I was in rural Vermont visiting my wife’s family last February. During our first weekend back there, I had the opportunity to work closely with my 13-year-old niece Mary for five hours or so on a frigid Sunday morning. That experience has resulted in some real reflection for me as to what engenders a real, deep-seated, sense of power and confidence in kids.
My wife’s sister and her husband are fine arts painters who love the culture, aesthetic and affordability of life in rural Vermont. They have managed to carve out a life for themselves and their children while continuing to make art. This is no small accomplishment in this day and age, and a lot of creativity has gone into making their life work for everyone in the family.
Mary loves horses. Riding is her true, and abiding passion. This particular fascination of my niece’s did not fit within the delicate financial balance negotiated by her family. Through some careful research, my sister-in-law found a work trade program at one of the local barns. The stabling of a horse and use of the facilities could be earned by agreeing to clean the horse barn and mucking out the stalls every weekend. My niece readily agreed to the trade.
As we all sat around the Saturday night dinner table planning the next day’s activities, my niece mentioned that she had to clean the barn Sunday morning and would not be able to join us until the afternoon. Curious, I volunteered to help her out. In the interest of finishing in a timely fashion, her mom said that she would pitch in as well.
We arrived at the barn a little before 7am on Sunday morning. The thin, wintertime sun was fighting its way through the trees. The thermometer inside the sliding wooden door said 6 degrees. My sister-in-law turned to Mary and said, “OK, tell us what to do.” She assigned her mom and me the more mundane, and frankly safer, tasks. We raked stalls, filled water troughs and spread new hay inside the barn.
My niece, in the meantime, went about getting those enormous horses out of their stalls and into the frozen pasture. At this point, it is relevant to mention that Mary is distinctly small for her age. She also comes across as shy. What really struck me, aside from her willingness to get up at 6am to work hard for 4 or 5 hours on a frigid Sunday morning, was the unselfconscious confidence with which she accomplished her share of the work. She strode into the stalls and pushed the horses where she needed to push them. She grabbed them authoritatively by the bridles and led them in pairs, arms stretched high over her head, out of the barn. The horses sensed the complete command with which they were being handled.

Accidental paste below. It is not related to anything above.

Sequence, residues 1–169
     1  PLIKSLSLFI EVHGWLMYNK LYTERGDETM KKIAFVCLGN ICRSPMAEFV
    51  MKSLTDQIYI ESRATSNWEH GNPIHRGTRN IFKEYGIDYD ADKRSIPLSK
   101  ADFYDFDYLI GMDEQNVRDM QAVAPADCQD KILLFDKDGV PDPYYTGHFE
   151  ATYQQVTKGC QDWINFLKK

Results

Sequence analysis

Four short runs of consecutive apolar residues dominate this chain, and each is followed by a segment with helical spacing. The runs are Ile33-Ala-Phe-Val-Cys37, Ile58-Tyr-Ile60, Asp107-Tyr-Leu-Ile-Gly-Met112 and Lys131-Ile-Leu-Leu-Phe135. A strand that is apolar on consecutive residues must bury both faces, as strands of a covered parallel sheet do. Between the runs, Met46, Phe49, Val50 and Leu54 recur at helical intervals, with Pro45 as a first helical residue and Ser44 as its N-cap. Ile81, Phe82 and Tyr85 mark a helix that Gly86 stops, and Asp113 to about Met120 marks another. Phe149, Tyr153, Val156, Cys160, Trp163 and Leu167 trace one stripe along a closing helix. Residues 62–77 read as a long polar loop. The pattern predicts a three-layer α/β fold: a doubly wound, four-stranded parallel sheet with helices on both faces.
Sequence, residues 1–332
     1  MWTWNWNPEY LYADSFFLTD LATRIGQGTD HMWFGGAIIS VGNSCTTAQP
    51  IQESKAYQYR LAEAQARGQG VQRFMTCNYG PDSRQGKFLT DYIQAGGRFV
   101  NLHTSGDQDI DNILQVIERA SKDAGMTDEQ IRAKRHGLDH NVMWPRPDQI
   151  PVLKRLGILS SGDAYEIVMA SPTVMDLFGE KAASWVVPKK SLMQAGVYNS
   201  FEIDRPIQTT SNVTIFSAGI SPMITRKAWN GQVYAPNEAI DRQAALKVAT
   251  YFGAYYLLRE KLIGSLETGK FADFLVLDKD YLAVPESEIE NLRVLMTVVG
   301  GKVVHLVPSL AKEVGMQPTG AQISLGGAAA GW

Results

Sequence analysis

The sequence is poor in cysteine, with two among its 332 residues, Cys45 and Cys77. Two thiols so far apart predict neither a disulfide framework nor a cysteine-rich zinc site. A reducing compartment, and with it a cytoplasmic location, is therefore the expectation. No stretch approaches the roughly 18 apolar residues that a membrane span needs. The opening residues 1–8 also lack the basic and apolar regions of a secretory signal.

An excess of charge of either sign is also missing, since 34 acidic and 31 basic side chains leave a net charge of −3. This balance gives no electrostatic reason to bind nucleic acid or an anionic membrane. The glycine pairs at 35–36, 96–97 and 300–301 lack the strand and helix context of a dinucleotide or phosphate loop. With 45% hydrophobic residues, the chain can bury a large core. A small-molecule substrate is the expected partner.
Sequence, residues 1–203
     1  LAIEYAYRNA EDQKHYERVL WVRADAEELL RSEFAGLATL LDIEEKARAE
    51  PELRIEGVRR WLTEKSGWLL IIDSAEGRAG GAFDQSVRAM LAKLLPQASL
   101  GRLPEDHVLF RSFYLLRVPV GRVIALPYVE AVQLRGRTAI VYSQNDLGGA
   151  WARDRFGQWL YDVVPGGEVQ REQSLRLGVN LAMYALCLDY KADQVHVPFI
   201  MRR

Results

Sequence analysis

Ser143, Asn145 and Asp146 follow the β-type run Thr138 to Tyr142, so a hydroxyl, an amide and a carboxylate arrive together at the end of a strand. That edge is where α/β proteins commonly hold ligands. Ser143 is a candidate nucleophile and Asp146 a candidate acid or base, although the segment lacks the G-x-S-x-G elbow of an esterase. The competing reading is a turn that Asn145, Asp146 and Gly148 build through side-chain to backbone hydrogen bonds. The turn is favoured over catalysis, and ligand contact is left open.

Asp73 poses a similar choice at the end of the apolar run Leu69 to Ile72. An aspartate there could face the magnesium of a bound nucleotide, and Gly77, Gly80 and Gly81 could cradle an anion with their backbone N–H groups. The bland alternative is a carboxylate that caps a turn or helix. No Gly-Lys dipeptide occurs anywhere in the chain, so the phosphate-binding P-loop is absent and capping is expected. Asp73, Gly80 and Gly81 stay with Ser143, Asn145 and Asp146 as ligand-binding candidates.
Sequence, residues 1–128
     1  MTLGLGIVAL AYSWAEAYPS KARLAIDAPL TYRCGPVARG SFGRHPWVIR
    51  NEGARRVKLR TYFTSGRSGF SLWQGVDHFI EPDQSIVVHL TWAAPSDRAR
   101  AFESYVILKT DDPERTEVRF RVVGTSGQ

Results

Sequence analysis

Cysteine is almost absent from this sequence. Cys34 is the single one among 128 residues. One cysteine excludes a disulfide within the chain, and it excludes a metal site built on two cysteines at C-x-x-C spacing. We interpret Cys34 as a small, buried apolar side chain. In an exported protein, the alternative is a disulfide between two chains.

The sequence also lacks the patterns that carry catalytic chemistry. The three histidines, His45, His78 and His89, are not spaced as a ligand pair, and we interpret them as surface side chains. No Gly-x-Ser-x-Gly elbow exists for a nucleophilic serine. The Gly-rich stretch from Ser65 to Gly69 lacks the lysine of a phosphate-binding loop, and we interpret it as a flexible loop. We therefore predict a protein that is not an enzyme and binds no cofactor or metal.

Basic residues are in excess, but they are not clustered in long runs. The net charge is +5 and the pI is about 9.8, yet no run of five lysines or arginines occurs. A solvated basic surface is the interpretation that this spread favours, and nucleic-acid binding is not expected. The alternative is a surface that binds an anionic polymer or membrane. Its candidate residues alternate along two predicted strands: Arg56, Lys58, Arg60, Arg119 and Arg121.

Watching Mary go about her business, I felt like a got a glimpse of the real essence of her. I saw her tenacity and her passion for what she was doing. I saw the complete lack of hesitation and the comfort with which she instructed her mother and me about our share of the work. I saw her investment in doing a good job and her love for the horses. She did not seem to need or want our praise. She knew what she was doing was important and the reward for her was quite tangible. If she did a poor job, the horses would suffer and she could lose the arrangement that was allowing her to ride.
Over the course of the 27 years that I have worked in education, I have had similar insights watching students engage in things that they are both passionate about and know are important. Sometimes, that level of engagement is in a vibrant and engaging classroom experience.
At least as often, I have witnessed it outside of that context. I have seen it in concerts, athletic events, plays, art shows, film festivals, robotics competitions and science fairs. I have seen it in the eyes of kids working a weekend job, where I showed up to eat. Or in students who worked hard to save for and rebuild a car. I have seen it in students showing their work, be it a piece of writing or a computer program. I have also seen it countless times in thoughtfully constructed service experiences.
The context for me is less relevant than the power that kids embody in those situations. When I witness that level of intense engagement, I am inevitably struck by how often we underestimate our students. Perhaps that propensity is due to the fact that we are called upon to measure kids by criteria that are too narrowly defined, or by metrics defined by organizations more interested in sorting than empowering young people.
Dramatic and musical performances often provide the opportunity for us to see the real power in our students. Watching a well-done student production, we lose our perception of the actors as kids. They inhabit another reality and can do so sufficiently convincingly as to temporarily change our perception of them. When the lights come up, “reality” is restored, but a glimpse of the students’ actual capacity has shown through.
That was my sense with Mary in the horse barn. I was afforded a glimpse of the actual power that is within her. She is blessed to have had the experience of that power herself. It seems to me that acquainting students with their own power and providing them opportunities for passionate engagement should be at the forefront of what we are trying to accomplish in schools.